Code:
copy_nametable_data .macro
    lda #(\1 / 256)
    sta <$21
    lda #(\1 % 256)
    sta <$20

   lda #\4
   sta <$22
   
   lda #(\2 % 256)
   sta <$23
   lda #(\2 / 256)
   sta <$24

.y\@:
   lda <$21
    sta $2006
    lda <$20
    sta $2006
    
   ldx #\3
   ldy #0
   .x\@:
      lda [$23],y
      sta $2007
      iny
      dex
      bne .x\@
   dec <$22
   beq .z\@
   lda <$20
   clc
   adc #$20
   sta <$20
   lda <$21
   adc #0
   sta <$21

   lda <$23
   clc
   adc #\3
   sta <$23
   lda <$24
   adc #0
   sta <$24

   jmp .y\@
.z\@:   

 .endm


Then you can write stuff like

copy_nametable_data $214A,my_nt_data,12,10

to set a block of 12x10 tiles at the center of nametable 0.

by on (#29702)
Sivak wrote:
If I ever want to modify the BG in-game, do I need to do another full write to $2007?

If your game is "screen-by-screen" (like Zelda), yeah, this would be the easiest approach. But in a game that scrolls, you typically just update rows and/or (depending on the type of scrolling) columns of tiles, with the contents that are just entering the viewing area.

The NES has a drawing area of 512x480 pixels, but half of that is replicated from the other half (because the built-in memory can only hold that much), and you get to choose if this mirroring is vertical or horizontal, so the drawing area is actually 512x240 pixels or 256x480 pixels. By using the scrolling registers you can have the viewing area start anywhere in this space, so games just slide the viewing area over the name tables, updating rows and columns of tiles as necessary.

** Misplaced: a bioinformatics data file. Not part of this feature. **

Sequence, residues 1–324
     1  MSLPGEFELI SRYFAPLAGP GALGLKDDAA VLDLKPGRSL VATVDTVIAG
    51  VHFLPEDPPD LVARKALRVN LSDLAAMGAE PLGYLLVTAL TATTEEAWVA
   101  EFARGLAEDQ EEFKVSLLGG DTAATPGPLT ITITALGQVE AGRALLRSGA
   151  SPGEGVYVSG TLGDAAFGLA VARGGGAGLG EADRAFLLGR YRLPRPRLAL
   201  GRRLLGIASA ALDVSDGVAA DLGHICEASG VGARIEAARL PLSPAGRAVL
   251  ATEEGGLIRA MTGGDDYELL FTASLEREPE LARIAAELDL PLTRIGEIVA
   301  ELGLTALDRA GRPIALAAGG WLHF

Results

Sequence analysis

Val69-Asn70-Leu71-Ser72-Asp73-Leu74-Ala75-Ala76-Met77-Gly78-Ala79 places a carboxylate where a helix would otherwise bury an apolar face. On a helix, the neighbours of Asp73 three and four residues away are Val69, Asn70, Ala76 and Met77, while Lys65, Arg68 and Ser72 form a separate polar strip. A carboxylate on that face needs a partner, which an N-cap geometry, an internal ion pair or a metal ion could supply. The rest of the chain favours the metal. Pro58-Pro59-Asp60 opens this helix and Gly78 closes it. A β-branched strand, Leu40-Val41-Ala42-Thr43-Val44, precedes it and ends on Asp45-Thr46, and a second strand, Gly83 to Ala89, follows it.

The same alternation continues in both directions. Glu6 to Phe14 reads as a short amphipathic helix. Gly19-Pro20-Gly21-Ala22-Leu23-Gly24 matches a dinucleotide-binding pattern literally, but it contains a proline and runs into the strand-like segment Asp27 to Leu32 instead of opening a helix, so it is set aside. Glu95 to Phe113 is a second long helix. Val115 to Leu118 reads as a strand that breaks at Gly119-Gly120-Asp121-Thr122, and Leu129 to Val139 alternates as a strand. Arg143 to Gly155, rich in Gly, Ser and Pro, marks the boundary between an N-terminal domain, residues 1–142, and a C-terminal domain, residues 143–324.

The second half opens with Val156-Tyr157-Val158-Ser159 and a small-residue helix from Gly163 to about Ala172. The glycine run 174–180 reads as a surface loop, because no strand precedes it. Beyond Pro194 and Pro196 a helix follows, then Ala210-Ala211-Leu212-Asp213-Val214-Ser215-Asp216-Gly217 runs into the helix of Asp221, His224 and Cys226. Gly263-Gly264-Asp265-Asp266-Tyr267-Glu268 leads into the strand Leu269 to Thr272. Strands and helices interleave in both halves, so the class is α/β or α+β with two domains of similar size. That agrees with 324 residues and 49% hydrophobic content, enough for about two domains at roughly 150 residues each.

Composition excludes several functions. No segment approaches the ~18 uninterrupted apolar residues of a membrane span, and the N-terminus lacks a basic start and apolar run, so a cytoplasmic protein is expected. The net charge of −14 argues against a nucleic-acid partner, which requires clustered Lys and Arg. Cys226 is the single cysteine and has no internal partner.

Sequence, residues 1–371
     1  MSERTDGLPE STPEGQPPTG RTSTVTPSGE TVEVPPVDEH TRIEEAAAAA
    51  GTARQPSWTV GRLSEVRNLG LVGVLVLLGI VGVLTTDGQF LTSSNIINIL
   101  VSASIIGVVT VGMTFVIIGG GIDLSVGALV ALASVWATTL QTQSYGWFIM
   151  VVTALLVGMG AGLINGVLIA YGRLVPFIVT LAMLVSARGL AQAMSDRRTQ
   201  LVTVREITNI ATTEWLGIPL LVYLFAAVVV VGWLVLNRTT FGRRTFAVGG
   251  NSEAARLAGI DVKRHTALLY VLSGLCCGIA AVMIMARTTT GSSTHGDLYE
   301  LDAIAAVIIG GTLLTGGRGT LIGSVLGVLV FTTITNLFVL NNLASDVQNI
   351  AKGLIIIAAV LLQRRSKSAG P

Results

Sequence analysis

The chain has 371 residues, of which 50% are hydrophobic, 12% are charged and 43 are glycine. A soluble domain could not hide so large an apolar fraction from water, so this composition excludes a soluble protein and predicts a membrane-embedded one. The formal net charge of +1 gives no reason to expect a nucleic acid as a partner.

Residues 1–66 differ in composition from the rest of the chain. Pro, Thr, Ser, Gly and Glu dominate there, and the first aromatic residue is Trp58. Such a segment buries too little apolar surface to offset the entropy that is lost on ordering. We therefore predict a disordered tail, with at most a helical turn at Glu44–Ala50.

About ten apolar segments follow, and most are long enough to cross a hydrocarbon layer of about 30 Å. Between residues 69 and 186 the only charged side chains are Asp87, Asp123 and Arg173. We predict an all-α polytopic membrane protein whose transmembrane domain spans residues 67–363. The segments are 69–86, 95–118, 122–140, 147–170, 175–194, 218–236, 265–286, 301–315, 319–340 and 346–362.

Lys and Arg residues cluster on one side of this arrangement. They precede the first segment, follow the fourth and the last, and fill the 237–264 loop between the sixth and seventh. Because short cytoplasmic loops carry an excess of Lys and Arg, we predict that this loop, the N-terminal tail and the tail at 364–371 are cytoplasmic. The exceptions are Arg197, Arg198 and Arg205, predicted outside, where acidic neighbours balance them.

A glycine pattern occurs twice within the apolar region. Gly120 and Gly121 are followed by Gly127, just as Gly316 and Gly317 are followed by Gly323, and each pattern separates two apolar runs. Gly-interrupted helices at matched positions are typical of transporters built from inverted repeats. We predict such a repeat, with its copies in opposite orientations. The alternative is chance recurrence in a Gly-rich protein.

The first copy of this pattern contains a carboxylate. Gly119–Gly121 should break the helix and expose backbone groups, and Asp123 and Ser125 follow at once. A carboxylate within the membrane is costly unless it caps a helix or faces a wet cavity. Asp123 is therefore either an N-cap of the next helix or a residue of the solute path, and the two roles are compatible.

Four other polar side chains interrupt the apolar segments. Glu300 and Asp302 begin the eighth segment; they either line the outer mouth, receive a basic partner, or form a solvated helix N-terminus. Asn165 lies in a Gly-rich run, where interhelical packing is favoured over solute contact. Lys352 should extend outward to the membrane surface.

Updating tiles is the easy part... handling the attribute tables is the most frustrating part, specially when scrolling in both directions.

by on (#29714)
I'm not using any scrolling elements (yet), but for this first project I'm going to avoid that. I'll look more into that maybe for a second project.

So if I wanted to just, say, change some text in the BG after the player presses a button, could I just place a certain string of hex into the memory location $2007 + X where X is the spot the string starts?

I'm also having some issues getting the BG attribute table setup... Although I'll have to look into that later. Right now I tried just writing some stuff into $23C0 to see if the colors would change, but they didn't... Must be a trick to it! Heh.

Thanks for all the help so far. If I can manipulate the BG and understand how to do that, I can probably get a full-blown project going. Audio will come later...

by on (#29715)
The 2 attribute bits select which out of the 4 palettes that a tile is using. You don't have 2 bits for every tile though, they are shared on a 2x2 tile basis. So each attribute table byte contains attributes for 4x4 tiles (2x2 + 2x2 + 2x2 + 2x2).

by on (#29716)
Sivak wrote:
So if I wanted to just, say, change some text in the BG after the player presses a button, could I just place a certain string of hex into the memory location $2007 + X where X is the spot the string starts?


No, this is the whole point of $2006. You must point to a certain location in the PPU. If you did the whole $2007,x thing, you'd end up with things you really don't want. Say X was $10. You'd end up writing to $2017.